Friday, December 25, 2009

Some Hillbilly's a'livin' in my DOGHOUSE!

Moved in the week of Thanksgiving!

There was a couple thousand dollars left over from Mammie's affairs, and my brothers and I divvied it up. With my share, I got a furnace from a place in Okoboji at a hell of a discount because some other body put a ding in the side, but since it has a new warranty and that it was a no-brainer. It is 95%, and all! Also, I got a new water heater, and replumbed all of the Natural gas lines inside. I had a tankless that I wanted to use, but it didn't have the special vent hardware with it and for what it cost to dink with I just call to the hardware store and he brought one down to me.

The night we did the hot water and plumbing I did the two-step Maytag bath in the clawfooted tubbie. Know what that is? You draw a nice hot bath, scrub and lay there till the water ain't warm, then you drain the tub and draw another hot one just to sit and stew in! Since I am a bachelor, I can do that. So I do.

There isn't any galvanized plumbing left in the place, and all the cast iron sewer stack is replaced with PVC because it was rotten. We rammed a rubber boot in the cast iron pipe going out, and put the PVC in that, and added a clean out while we were at it. Now if the line stops up we don't have to pull the terlet off to do something about it. Speaking of things terlet I got to get a new one, we broke the bowl. The hardware store has a "pot-in-a-box" kit pretty reasonable, that may be what I get.

I rewired a light from my great-grandmother's house, and hung it in the back bedroom. It's a brass pan light, hangs on two chains and has two sockets. The wiring was truly scary. It was all half-assed, so it got redone. The shades are frosted, and have lilacs painted on them. One has a corner that was broke, dinged up, and glued back together, but it doesn't show so much, and even if it did what the hell, my great-grandmother won't ever buy any more lights. Besides, it ain't the Gotrocks' mansion, and in the end the only one that has to be happy about it is the one I look at in the mirror.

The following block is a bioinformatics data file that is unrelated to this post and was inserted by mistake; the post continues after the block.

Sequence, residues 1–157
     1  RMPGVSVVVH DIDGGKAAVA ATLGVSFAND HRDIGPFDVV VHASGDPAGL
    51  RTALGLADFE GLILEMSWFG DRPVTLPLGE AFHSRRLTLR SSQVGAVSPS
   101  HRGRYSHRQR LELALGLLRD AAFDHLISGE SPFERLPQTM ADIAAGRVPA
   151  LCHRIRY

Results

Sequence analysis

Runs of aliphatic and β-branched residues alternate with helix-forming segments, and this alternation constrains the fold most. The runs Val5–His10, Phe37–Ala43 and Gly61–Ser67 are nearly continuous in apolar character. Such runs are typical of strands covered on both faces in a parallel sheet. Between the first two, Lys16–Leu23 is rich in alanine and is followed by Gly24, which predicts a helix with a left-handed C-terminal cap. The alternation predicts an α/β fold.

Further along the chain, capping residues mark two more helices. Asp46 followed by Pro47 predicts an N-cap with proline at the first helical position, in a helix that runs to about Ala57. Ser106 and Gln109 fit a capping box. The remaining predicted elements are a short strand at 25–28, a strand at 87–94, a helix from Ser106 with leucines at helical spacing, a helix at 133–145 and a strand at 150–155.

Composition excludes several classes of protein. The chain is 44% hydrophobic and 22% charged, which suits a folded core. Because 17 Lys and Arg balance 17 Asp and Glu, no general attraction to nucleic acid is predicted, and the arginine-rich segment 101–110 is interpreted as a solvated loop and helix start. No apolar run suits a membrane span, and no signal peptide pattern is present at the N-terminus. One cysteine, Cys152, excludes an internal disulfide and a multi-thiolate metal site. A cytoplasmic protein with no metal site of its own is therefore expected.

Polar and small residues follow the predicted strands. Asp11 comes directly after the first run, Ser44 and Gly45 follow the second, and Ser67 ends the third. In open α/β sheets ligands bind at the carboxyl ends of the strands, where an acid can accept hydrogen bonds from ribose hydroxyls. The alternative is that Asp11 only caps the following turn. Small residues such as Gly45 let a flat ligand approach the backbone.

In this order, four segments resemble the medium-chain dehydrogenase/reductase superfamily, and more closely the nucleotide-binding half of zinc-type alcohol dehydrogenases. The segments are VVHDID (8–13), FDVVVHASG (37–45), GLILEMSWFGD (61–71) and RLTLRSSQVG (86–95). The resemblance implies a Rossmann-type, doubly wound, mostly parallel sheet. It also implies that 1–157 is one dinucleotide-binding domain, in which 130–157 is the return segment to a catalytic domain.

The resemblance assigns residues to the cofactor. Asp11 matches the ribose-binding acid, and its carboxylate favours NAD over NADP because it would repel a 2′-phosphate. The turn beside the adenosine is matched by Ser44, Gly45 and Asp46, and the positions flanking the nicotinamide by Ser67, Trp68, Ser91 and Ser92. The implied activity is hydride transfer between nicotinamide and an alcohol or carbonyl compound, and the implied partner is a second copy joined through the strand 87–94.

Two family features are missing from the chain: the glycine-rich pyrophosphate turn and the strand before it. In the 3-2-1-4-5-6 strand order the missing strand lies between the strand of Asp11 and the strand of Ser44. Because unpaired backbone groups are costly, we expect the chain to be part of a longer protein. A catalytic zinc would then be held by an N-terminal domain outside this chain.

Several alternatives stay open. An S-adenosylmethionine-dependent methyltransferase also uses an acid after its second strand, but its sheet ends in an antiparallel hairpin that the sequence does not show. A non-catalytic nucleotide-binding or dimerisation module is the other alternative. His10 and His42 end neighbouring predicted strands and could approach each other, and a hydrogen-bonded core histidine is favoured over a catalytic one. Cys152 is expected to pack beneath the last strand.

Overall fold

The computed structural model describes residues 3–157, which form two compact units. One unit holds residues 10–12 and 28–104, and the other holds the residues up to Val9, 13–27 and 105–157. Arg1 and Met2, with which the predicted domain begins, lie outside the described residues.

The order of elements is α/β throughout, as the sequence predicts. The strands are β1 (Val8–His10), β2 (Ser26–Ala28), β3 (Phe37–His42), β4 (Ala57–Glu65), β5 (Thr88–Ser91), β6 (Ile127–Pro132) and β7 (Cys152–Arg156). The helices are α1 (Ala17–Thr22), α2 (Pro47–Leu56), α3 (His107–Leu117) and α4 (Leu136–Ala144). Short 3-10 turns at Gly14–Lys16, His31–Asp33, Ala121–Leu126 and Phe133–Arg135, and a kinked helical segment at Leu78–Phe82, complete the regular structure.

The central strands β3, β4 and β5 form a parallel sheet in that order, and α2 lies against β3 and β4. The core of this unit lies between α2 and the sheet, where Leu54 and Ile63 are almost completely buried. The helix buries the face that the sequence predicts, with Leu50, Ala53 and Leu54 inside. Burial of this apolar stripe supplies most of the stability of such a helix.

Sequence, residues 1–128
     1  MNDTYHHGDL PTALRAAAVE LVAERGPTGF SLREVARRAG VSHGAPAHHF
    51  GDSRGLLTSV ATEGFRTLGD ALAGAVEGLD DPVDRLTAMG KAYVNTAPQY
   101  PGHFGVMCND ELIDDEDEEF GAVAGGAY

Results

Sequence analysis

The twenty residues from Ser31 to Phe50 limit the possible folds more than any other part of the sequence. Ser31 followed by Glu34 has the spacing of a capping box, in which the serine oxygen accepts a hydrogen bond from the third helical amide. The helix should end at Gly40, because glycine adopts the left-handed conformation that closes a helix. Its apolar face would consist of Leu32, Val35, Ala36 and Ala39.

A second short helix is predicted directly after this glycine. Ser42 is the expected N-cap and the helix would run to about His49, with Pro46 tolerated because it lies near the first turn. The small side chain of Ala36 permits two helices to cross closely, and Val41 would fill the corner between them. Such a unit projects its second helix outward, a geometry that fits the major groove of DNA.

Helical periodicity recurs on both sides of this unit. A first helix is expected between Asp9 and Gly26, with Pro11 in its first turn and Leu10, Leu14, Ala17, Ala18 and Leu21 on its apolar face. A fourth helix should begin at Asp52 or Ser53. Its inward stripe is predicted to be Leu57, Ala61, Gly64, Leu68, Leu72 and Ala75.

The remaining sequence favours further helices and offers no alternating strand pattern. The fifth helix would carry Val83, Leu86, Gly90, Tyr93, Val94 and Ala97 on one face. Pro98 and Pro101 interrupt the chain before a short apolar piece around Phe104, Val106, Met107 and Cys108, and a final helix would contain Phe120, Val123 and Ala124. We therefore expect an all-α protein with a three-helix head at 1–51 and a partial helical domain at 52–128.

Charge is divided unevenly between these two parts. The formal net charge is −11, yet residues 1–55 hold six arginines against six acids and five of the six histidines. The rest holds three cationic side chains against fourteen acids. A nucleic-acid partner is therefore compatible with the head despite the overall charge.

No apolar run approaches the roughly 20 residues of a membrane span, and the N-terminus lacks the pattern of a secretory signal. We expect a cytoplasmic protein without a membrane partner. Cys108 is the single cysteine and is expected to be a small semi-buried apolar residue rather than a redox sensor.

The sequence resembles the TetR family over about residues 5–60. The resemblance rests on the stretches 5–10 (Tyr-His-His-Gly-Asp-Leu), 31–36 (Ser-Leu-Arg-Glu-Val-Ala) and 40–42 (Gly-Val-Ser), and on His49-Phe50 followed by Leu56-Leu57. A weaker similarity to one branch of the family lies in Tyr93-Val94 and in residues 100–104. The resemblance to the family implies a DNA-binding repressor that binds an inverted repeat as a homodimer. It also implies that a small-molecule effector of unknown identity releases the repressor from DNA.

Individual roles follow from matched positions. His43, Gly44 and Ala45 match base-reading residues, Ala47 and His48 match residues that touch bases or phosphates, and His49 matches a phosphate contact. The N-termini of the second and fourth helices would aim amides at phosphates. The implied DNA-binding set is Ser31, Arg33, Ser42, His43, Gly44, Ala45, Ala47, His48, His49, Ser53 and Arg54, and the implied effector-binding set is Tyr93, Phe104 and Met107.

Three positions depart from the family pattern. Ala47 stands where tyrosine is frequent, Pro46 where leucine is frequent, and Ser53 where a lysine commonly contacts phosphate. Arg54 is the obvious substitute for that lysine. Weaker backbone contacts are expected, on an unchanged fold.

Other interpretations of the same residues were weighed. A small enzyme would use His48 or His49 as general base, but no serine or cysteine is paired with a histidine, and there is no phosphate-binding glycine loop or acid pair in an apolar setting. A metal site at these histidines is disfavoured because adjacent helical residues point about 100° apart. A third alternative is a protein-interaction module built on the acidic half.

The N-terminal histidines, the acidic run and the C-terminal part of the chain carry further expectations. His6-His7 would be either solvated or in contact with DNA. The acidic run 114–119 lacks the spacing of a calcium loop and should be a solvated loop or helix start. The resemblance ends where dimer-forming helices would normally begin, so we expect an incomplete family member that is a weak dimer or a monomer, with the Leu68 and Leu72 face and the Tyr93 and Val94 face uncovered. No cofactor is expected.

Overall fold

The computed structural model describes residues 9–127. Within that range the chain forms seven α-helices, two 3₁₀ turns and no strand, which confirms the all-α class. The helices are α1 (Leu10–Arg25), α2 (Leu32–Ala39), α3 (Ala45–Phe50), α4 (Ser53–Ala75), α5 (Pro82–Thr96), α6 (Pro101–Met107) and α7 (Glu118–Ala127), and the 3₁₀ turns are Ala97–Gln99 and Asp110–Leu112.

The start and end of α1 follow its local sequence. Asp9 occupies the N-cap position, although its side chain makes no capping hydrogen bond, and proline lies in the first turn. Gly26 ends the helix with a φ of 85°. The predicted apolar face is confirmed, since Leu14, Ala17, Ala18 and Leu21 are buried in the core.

I also put a nice Porcelier fixture in the bathroom. I got it from Shirley Pico in Emmetsburg, when she had the antique store. She was a good friend of my Grandma's, and she made me a real deal on it, because she knew I liked them. It is supposed to be a ceiling fixture, but it looks all right on the wall. It's real art-deco-looking, and has matching colours to the rest of the room. The wiring was pretty nice yet. Those bulbs looked like hell, but they've been in the old light for who knows hows how long.

The porch of doom is no more-it started making ominous noises, so an executive decision to perform the removal. Saving all the wood I could, it took an hour to pull it off. I burnt the rotten wood up in the dark of the night, and stacked what was worth bothering with. Mammie's front storm door and the one from Teri's house are up and working.

A whale of a storm is commencing, and pictures are to follow.

Merry Christmas!

Thursday, November 26, 2009

Wednesday, October 7, 2009

Slow goes it!

Well, the kitchen porch is getting torn apart for demolition. It has a nearly flat tar paper roof, a bad case of the rot, and smells like an army boot. It really isn't worth saving. There may be a few good pieces of lumber in it, but that's it. The city gave me permission to tear it off and put on a new one, and it is going to have the basement entry at ground level.

The old porch was sort of a temporary deal eighty years ago, so I don't feel too bad about the whole thing.

Also, Mammie's landlord gave me the old wood storm door from her house, so I put it on my dining room door. It has the glass insert too, and is in pretty good shape, since she had a porch on the front of her house.

My uncle Greg and aunt Bri gave me a china hutch that was my great-grandparents', and it came from the farm in Pomeroy. It is in the dining room, and will go on the north wall once I get my smaller sideboard in and Earl's old one out.
Just to see what it would turn up like, I cleaned up the hallway door. The wood looks pretty nice. I replaced all of the doorknobs with porcelain, because the metal ones were oval and the dog could open them with his mouth.

Wednesday, July 22, 2009

The worst is over.

I haven't posted lately, because there hasn't been much progress. I have been at my mother's a lot lately, because she has been coping with cancer. She was diagnosed last summer, and wasn't given much time, but we were blessed to have her with us through the winter, and even into this summer. She took a sudden turn towards the worst on July eighth, and my aunts and brothers came up, and hospice came and set up so she could stay at home, where she died on the 17th. It's sad for my brothers and I, yet I am glad she was only bedridden for the last twelve days of her life. I'm glad she didn't linger in pain, and the journey was easy-she worked hard all her life, raised four of us almost alone, and deserved better than she got.

Ma, we'll miss you!

Friday, May 8, 2009

Clocks and Desks and Cats in hats!

Long time no post! Lots of things are going on, but most of it has been pretty boring. The north half of the roof is scheduled to be installed. The junk outside has been cleaned up, and a few other little things. There may be a decrease in the mouse population-Kent & Tina's Mama cat hatched a litter of five babbies. This picture is when they were about ten hours old. If they don't find another home for it, I told them I'd take the Bengal striped one or the white one. I figure I can spend a few bucks getting it fixed and licensed, and it'll keep the mouse and rabbit numbers down a little around this place.